Washington, D.C./ Crime & Emergencies
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Published on May 14, 2024
18th Street Gang's Reign of Terror Ends, Six Convicted of Racketeering and Murder From D.C. to Central AmericaSource: Wikipedia/AgnosticPreachersKid, Public domain, via Wikimedia Commons

Six toughs from the notorious “18th Street” gang were nailed on charges including racketeering, murder, and kidnapping, officials said Monday. The gangsters, who had been shaking down neighborhoods from D.C. to Central America, were convicted after a jury deliberated for three days in U.S. District Court, according to the Department of Justice.

The verdict was a slam dunk for the prosecutors after a trial that commenced on April 10 and ended last week, with sentencing dates to quickly follow in September and October. The gang they were looking to finally put away operates widely, with tentacles reaching into Virginia, Maryland, and known for spreading brutal violence like wildfire to keep their turf under iron-fist control.

Among the convicted was Jexon Madrid-Flores, who authorities say tried to gun down a rival gang member in broad daylight, at a Columbia Heights convenience store. Prosecutors presented evidence at trial showing Madrid-Flores shooting the victim, with hopes of climbing the ranks within the savage 18th Street gang.

According to trial evidence, the gang didn't just try to silence their rivals; they also believed in taking out their own. One member, known as FIRE was taken to the woods near Elkton, MD, and mercilessly executed by his fellow gang members over suspected disloyalty. This raw example of their handiwork was part of a series of murders that were centered upon during the investigation.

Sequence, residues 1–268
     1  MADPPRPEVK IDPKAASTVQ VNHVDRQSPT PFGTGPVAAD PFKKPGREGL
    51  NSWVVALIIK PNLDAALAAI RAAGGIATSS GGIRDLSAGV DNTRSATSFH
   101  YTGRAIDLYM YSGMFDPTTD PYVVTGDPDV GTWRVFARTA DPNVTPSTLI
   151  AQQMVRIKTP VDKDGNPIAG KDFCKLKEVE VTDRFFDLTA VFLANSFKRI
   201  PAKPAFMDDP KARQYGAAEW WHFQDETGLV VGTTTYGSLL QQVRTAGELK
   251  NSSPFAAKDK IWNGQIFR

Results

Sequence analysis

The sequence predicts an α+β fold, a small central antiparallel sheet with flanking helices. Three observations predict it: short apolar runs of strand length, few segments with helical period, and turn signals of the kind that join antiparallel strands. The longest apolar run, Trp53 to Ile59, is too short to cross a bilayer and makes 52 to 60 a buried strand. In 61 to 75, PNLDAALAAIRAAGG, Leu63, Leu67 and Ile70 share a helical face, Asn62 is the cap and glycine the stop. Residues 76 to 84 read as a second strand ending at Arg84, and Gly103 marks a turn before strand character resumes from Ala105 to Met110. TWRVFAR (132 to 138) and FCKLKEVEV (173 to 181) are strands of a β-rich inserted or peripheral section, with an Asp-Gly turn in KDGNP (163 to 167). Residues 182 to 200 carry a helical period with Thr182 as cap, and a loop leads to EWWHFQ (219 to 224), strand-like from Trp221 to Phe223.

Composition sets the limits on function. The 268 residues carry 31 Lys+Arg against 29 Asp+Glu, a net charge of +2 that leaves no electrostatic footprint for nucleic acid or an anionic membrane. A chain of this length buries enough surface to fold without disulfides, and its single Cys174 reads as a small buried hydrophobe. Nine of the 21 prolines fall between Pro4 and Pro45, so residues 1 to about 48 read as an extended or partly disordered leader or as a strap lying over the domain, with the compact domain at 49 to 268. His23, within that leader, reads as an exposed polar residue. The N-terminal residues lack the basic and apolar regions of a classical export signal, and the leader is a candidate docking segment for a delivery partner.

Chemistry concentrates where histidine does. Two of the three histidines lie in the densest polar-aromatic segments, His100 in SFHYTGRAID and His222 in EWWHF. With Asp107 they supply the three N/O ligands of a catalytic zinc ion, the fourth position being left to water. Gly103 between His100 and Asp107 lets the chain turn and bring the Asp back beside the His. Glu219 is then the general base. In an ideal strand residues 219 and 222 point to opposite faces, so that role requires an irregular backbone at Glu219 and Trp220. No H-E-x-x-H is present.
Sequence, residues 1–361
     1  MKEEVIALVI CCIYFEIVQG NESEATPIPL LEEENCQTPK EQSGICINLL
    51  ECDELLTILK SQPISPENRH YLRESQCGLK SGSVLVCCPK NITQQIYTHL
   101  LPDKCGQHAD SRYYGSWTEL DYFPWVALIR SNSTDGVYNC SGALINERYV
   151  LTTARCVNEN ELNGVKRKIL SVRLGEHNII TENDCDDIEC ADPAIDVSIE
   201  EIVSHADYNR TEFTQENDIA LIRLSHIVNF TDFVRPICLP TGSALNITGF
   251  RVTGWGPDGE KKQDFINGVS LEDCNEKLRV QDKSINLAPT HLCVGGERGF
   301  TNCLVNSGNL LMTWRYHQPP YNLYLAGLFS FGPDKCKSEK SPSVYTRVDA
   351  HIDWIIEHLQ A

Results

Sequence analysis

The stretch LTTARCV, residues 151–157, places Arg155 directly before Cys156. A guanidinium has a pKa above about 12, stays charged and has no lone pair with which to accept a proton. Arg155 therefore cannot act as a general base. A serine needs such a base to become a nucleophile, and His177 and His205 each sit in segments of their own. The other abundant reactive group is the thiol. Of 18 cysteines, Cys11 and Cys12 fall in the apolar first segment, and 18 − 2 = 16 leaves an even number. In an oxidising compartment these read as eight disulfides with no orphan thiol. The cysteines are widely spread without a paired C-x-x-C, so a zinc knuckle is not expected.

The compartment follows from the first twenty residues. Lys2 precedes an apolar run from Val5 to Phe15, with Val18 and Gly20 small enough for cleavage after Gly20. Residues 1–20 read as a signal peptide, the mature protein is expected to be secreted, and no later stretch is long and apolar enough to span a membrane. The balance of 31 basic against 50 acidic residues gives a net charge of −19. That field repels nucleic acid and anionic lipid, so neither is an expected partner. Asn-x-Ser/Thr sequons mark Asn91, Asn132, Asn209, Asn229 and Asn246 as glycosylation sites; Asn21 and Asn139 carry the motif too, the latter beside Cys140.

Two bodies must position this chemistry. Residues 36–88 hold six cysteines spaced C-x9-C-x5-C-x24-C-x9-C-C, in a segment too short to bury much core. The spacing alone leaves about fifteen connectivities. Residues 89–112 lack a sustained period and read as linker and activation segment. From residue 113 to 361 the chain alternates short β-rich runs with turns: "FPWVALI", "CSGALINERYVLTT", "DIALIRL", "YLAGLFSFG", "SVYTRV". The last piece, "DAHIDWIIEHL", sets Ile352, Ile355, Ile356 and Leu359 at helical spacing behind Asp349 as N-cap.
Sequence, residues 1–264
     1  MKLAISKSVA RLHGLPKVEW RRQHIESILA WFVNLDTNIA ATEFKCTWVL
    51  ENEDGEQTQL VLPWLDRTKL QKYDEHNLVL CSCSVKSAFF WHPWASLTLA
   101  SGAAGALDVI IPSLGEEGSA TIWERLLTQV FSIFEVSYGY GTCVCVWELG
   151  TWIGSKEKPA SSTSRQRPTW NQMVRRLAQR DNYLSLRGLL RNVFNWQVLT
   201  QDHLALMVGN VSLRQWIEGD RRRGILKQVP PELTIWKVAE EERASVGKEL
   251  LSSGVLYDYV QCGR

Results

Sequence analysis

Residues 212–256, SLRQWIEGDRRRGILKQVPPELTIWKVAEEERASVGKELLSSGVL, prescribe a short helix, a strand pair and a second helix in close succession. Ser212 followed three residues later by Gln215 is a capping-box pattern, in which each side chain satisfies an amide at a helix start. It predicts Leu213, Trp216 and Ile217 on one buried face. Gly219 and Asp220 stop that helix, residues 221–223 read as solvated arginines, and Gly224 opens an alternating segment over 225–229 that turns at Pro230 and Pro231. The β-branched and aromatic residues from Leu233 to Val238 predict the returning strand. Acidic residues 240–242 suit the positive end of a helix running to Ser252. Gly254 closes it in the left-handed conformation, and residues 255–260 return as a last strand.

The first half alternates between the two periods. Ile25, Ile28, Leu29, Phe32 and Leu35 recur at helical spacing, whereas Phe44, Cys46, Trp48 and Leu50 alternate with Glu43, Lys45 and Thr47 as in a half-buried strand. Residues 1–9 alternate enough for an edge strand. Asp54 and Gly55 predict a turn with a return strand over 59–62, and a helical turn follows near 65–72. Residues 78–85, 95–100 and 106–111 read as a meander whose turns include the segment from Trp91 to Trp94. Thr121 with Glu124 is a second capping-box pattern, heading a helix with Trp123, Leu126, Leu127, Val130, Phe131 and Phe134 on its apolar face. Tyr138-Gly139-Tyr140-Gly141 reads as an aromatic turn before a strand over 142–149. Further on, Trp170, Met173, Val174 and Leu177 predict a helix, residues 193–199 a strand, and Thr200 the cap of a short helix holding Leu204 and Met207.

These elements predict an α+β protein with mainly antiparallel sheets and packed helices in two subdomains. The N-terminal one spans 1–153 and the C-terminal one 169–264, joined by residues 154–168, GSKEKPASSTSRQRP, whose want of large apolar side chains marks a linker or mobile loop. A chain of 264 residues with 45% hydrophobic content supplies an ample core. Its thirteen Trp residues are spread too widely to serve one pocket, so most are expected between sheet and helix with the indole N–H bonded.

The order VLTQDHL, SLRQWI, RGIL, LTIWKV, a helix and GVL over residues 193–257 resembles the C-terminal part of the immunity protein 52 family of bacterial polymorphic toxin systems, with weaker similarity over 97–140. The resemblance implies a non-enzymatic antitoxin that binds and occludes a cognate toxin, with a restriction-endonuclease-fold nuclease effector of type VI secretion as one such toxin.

U.S. Attorney Matthew M. Graves, spearheading the prosecution, alongside multiple agencies including the FBI and ICE, led the charge against the violent outfit. The operation, spanning several years, culminated in this significant blow against the gang's heinous activities. Graves and his team told the press they're not letting up, with another round of trials set to hash out the fates of additional members in July.

The gang, with a membership estimated to be around 50,000, has a long history that started on the streets of Los Angeles, with its members adhering to a strict code of violence and mayhem. The DOJ release detailed 18th Street's moneymaking operations ranging from narcotics to arms dealing and emphasized the substantial efforts by federal, state, and local agencies to dismantle such a robust criminal network.

Assistant U.S. Attorneys Jack Korba, Will Hart, and Sitara Witanachchi prosecuted the case, with a little help from their retired colleague, Gilead Light, and Christopher Marin from the district's office.